"Kings" a royal calamity

Thu Mar 12, 2009 7:29pm EDT

LOS ANGELES (Hollywood Reporter) - "Kings" helps make the argument for those who believe that irony is truly dead.

It takes an utterly straight-faced and painfully earnest approach to the kind of broad nighttime soap opera that once fueled "Dallas" and (especially) "Dynasty" through the 1980s, but to watch something so anal-retentive and full of itself in the new century can't help but play as unintended farce.

This wildly broad serialized series from NBC leaves you wondering whether what you're seeing and hearing is genuine or a mere figment, playing off parable and royalty to tell a modern-day fable about greed and David-vs.-Goliath symbolism.

The fact it has "Deadwood" heavyweight Ian McShane making self-important pronouncements and coded threats only adds to the empty-headed vibe of creator/executive producer/writer Michael Green's two-hour opener. It's less a pilot than an unwieldy and detached fantasy about the corrupting influence of power.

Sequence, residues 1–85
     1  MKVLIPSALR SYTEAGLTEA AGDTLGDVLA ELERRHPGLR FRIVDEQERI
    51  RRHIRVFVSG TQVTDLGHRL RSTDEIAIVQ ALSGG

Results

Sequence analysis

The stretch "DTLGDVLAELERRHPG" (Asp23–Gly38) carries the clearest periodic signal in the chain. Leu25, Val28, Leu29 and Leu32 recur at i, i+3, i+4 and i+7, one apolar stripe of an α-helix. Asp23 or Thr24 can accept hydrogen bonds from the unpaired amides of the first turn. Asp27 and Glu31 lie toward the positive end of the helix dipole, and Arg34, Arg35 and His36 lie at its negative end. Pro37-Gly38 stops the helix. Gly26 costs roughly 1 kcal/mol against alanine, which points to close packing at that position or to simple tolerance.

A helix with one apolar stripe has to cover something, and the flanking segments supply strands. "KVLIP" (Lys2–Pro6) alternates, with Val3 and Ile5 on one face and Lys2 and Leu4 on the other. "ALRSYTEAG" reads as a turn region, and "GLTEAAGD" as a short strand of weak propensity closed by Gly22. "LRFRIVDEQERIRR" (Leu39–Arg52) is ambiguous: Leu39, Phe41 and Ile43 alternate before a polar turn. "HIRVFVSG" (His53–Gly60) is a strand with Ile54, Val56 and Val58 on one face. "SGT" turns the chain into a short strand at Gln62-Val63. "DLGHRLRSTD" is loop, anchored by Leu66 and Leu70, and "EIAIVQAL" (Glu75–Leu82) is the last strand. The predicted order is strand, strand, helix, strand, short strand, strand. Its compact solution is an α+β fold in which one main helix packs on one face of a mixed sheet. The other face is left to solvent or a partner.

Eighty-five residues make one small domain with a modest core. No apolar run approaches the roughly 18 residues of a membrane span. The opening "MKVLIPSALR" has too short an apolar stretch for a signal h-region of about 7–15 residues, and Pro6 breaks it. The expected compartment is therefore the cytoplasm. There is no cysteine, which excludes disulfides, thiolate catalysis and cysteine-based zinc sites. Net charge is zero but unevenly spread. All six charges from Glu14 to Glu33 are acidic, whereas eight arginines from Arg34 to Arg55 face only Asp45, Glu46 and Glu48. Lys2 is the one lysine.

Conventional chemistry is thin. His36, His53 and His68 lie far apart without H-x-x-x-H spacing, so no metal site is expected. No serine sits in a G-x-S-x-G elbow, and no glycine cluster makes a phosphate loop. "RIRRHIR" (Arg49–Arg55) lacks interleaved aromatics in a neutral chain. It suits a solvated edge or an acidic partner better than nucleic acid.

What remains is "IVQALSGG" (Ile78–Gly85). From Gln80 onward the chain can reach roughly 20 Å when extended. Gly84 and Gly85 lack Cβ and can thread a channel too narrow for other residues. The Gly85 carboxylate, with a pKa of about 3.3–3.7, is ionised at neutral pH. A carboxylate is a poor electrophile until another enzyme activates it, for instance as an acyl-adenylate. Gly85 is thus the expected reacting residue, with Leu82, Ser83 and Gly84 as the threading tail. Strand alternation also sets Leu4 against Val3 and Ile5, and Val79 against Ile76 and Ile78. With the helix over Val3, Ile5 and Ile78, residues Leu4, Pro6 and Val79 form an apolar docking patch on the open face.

McShane, a gifted and dynamic performer, stars as King (yes King) Silas Benjamin, who presides over the mythical nation of Gilboa and whose capital is Shiloh (this here made-up place looks a lot like a major metropolis like, say, New York or Chicago). It's having problems keeping its hostile neighbor nation Gath at bay.

So it seems a war is going on, and it's left to young soldier and Matt Damon look-alike David Shepherd (Chris Egan) to save POWs and face down the enemy, including standing up to a tank.

The symbolism just busts out from every corner of "Kings," which comes complete with the J.R. Ewing-like megalomaniac in King Silas and the ready-made Alexis Carrington bitch in Queen Rose Benjamin (played with frigid menace by Susanna Thompson).

Pretentious and far too taken with its own sense of menace, the show casts every line of dialogue as a pronouncement, every action as an uppercut to the chops.

Subtlety is for the other guys. "Kings" is too busy trying to take us back to the '80s but succeeds only in transporting viewers to a place of make-believe where everyone walks and talks with the sort of rigidity that bespeaks the desperate need for a bathroom break.

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